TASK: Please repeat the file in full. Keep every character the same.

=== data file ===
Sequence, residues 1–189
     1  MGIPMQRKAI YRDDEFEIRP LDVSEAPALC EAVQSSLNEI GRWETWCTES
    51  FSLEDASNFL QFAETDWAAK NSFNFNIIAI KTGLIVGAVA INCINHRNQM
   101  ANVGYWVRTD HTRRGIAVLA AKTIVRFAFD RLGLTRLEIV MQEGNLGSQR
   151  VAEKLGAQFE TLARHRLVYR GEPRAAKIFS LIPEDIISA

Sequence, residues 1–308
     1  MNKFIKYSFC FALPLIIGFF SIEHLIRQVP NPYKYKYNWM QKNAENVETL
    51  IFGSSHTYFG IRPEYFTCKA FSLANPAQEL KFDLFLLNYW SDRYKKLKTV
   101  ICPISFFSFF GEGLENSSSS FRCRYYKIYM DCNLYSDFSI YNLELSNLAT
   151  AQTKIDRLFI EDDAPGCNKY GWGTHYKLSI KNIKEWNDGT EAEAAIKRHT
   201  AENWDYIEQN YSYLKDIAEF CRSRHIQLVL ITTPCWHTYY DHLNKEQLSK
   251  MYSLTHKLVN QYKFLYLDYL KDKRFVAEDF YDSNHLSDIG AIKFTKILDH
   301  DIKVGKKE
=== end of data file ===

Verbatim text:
Sequence, residues 1–189
     1  MGIPMQRKAI YRDDEFEIRP LDVSEAPALC EAVQSSLNEI GRWETWCTES
    51  FSLEDASNFL QFAETDWAAK NSFNFNIIAI KTGLIVGAVA INCINHRNQM
   101  ANVGYWVRTD HTRRGIAVLA AKTIVRFAFD RLGLTRLEIV MQEGNLGSQR
   151  VAEKLGAQFE TLARHRLVYR GEPRAAKIFS LIPEDIISA

Sequence, residues 1–308
     1  MNKFIKYSFC FALPLIIGFF SIEHLIRQVP NPYKYKYNWM QKNAENVETL
    51  IFGSSHTYFG IRPEYFTCKA FSLANPAQEL KFDLFLLNYW SDRYKKLKTV
   101  ICPISFFSFF GEGLENSSSS FRCRYYKIYM DCNLYSDFSI YNLELSNLAT
   151  AQTKIDRLFI EDDAPGCNKY GWGTHYKLSI KNIKEWNDGT EAEAAIKRHT
   201  AENWDYIEQN YSYLKDIAEF CRSRHIQLVL ITTPCWHTYY DHLNKEQLSK
   251  MYSLTHKLVN QYKFLYLDYL KDKRFVAEDF YDSNHLSDIG AIKFTKILDH
   301  DIKVGKKE